Alaska Reference Database

The Alaska Reference Database originated as the standalone Alaska Fire Effects Reference Database, a ProCite reference database maintained by former BLM-Alaska Fire Service Fire Ecologist Randi Jandt. It was expanded under a Joint Fire Science Program grant for the FIREHouse project (The Northwest and Alaska Fire Research Clearinghouse). It is now maintained by the Alaska Fire Science Consortium and FRAMES, and is hosted through the FRAMES Resource Catalog. The database provides a listing of fire research publications relevant to Alaska and a venue for sharing unpublished agency reports and works in progress that are not normally found in the published literature.

 

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From the Introduction...'Several decades of fire suppression following logging around the turn-of-the-century has produced dense, even-age stands of ponderosa pine (Pinus ponderosa) and Douglas-fir (Pseudotsuga menziesii). They contrast with the...

Person: Hardy, Arno, Scott
Year: 1996
Resource Group: Document
Source: TTRS

From the Current Solutions...'Some breakthroughs in providing more latitude for expanding prescribed fire programs are apparent. For example, the state of Florida has enacted innovative legislation that provides liability protection for prescribed...

Person: Hardy, Arno, Mutch, Cook
Year: 1996
Resource Group: Document
Source: TTRS

From the Introduction...'Fire is the single most important ecological disturbance process throughout the interior Pacific Northwest (Mutch and others 1993; Agee 1994). It is also a natural process that helps maintain a diverse ecological landscape...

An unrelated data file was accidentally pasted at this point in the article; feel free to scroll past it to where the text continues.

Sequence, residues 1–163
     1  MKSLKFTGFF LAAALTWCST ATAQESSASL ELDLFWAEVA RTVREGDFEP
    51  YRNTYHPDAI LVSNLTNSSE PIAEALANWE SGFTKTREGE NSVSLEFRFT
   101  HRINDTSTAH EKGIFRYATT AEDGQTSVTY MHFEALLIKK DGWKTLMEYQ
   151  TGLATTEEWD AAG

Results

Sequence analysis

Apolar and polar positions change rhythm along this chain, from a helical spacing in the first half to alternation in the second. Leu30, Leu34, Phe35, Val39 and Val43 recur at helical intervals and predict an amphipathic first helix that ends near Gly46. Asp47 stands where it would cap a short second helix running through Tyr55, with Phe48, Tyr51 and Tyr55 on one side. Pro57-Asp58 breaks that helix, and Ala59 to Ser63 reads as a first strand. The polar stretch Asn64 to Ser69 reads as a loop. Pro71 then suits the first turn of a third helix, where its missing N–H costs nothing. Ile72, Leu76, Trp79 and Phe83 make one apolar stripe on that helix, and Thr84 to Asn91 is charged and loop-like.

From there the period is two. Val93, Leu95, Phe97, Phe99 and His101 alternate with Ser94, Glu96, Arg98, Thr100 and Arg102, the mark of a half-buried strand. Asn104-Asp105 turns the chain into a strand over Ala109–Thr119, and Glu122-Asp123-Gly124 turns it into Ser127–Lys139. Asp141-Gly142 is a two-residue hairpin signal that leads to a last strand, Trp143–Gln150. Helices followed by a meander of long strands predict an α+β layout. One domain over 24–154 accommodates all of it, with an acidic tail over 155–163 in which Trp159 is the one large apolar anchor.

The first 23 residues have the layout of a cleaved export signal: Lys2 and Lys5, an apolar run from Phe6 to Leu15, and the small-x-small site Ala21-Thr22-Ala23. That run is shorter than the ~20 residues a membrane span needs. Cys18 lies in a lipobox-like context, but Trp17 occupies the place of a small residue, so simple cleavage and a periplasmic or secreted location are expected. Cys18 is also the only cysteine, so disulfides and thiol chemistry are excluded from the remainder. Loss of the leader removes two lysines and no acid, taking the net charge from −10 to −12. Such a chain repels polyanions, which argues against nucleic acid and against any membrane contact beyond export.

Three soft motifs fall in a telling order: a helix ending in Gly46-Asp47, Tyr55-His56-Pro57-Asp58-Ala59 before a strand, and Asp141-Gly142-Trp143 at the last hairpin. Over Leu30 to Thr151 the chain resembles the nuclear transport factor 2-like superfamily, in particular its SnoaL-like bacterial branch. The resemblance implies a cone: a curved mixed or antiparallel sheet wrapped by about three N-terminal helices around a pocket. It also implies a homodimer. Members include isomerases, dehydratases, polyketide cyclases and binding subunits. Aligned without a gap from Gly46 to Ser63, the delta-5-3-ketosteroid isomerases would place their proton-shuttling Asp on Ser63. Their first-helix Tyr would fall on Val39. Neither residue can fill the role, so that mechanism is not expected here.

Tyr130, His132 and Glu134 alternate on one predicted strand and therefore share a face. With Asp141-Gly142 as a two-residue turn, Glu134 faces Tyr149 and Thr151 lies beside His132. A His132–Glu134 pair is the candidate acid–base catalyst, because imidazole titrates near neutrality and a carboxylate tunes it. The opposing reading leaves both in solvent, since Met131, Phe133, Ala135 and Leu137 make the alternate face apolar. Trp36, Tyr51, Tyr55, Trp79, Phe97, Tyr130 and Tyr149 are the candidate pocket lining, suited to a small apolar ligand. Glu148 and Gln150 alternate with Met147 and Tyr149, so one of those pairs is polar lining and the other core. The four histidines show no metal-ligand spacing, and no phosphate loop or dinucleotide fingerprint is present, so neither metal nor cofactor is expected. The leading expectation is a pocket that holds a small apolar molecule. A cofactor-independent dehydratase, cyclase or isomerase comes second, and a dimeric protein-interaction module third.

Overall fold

Person: Hardy, Arno, Ottmar, Schaaf, Alvarado
Year: 1996
Resource Group: Document
Source: TTRS

From the Conclusions...'Attempts to exclude fire from wildland ecosystems in the Intermountain and Pacific Northwest Regions have had serious ecological impacts on at least 79 of the established and proposed Research Natural Areas. Numerous...

Person: Hardy, Arno, Greene, Evenden
Year: 1996
Resource Group: Document
Source: TTRS

Stand replacement prescribed burning has been applied in Alaska on several occasions. Based on that experience, perspectives can be provided, issues can be discussed, and keys to success can be identified that are applicable to stand replacement...

Person: Hardy, Arno, Vanderlinden
Year: 1996
Resource Group: Document
Source: FRAMES, TTRS

This paper's title - "Can we restore the fire process? What awaits us if we don't?" - represents an ecologist's view of the world. I submit that this view is unrealistic. The first clause uses the term "restore" which...

Person: Hardy, Arno, Schmidt
Year: 1996
Resource Group: Document
Source: FRAMES, TTRS

In September 1995, the Society for Ecological Restoration (SER) held its Annual Meeting at the University of Washington in Seattle. The meeting included two dozen conferences and several symposia and field trips dealing with various aspects of applying...

Person: Hardy, Arno, Arno
Year: 1996
Resource Group: Document
Source: FRAMES

Periodic forest, grassland, and shrubland fires are part of the natural environment-as natural and vital as rain, snow, or wind (Heinselman 1978). Evidence of past fires is found in charcoal layers in lakes and bogs, and in the fire-scarred cross...

Person: Hardy, Arno, Mutch, Cook
Year: 1996
Resource Group: Document
Source: FRAMES

Fire has been an important evolutionary influence in forests, affecting species composition, structure, and functional aspects of forest biology. Restoration of wildland forests of the future will depend in part on restoring fire to an appropriate role...

Person: Hardy, Arno, Agee
Year: 1996
Resource Group: Document
Source: FRAMES, TTRS

Over the past century, policies related to the management of fire in U.S. National Parks have evolved fiom efforts to eliminate all fire to recognition of the importance of restoring and maintaining fire as a natural ecological process. Prior to their...

Person: Hardy, Arno, Parsons, Botti
Year: 1996
Resource Group: Document
Source: FRAMES